According to the Office of Marketing and Communication (“Social Media at Marquette,” n.d.), it makes strategic sense for Marquette to be involved with social media because:
- Good communication practice dictates that we use all methods to engage our audiences wherever they are.
- There are already conversations about Marquette in social media, and our participation allows us to lead the discussion that defines our brand.
- Social media is an innovative communication channel and allows us to position the university as an innovator among our peers.
- Social media gives us the ability to interact directly with our audience and connect our audience with each other, which is key to building engagement.
- Social media allows us to drive and harness the power of word of mouth—the buzz factor—which is perceived as more credible and authentic than traditional marketing materials.
According to Geraghty, the initial goal of the University’s social media strategy was to “be an active player in it and build a sense of community, characterizing more broadly what the Office of Marketing and Communication is about, with social media as an extension of that” (personal communication, September 16, 2010). However, this broad goal quickly evolved into a specific, measurable objective: to achieve interaction with five percent of the audience within a given channel in any month and to reach 35,000 people on all University accounts. Since the social media initiatives were very recent and no prior baseline existed, the social media team created its own baseline and believed the five percent interaction was a reasonable goal.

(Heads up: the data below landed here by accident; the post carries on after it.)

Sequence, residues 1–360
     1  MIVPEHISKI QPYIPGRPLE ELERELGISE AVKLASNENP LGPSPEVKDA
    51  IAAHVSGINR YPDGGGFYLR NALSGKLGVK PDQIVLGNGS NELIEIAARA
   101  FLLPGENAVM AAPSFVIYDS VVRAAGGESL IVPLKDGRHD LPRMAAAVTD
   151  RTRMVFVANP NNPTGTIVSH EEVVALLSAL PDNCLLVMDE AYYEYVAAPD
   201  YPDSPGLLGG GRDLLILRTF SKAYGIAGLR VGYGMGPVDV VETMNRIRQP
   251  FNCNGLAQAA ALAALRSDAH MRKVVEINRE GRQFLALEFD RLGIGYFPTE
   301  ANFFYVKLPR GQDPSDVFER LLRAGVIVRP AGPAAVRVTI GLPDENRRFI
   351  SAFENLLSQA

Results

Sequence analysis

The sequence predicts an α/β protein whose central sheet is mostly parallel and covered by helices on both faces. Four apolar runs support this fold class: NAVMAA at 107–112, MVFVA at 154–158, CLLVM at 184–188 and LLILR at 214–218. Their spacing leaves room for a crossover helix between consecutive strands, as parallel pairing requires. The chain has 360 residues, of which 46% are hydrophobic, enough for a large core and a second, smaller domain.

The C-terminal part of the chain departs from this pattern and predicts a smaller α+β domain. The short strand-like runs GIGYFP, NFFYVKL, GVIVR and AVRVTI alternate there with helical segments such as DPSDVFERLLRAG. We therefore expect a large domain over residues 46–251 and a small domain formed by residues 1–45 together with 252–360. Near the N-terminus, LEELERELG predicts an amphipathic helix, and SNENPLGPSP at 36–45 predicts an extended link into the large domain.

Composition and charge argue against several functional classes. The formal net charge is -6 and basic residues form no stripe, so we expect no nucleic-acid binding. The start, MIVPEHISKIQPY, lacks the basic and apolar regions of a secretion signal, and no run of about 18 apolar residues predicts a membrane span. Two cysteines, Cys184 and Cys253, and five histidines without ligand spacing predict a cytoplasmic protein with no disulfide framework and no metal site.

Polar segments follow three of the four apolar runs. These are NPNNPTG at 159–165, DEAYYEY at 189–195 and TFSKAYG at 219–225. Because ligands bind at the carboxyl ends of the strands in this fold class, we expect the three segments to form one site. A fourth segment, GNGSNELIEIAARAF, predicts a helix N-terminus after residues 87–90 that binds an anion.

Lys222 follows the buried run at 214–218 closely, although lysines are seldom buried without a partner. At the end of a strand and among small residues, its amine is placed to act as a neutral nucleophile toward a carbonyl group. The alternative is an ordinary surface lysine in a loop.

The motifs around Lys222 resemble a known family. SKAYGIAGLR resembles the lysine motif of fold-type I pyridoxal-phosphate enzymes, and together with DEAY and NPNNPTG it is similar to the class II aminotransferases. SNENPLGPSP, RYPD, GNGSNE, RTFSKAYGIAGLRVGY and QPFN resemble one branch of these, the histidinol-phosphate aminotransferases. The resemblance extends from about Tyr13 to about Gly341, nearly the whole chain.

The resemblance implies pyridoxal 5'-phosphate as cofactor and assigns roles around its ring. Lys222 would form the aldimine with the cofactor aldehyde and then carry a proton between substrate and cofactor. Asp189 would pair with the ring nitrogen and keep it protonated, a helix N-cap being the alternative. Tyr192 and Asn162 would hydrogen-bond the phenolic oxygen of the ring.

According to Cigelske, the social media efforts that Marquette employs should always be used as an extension of what the University is already doing in terms of marketing and communication. Cigelske explains: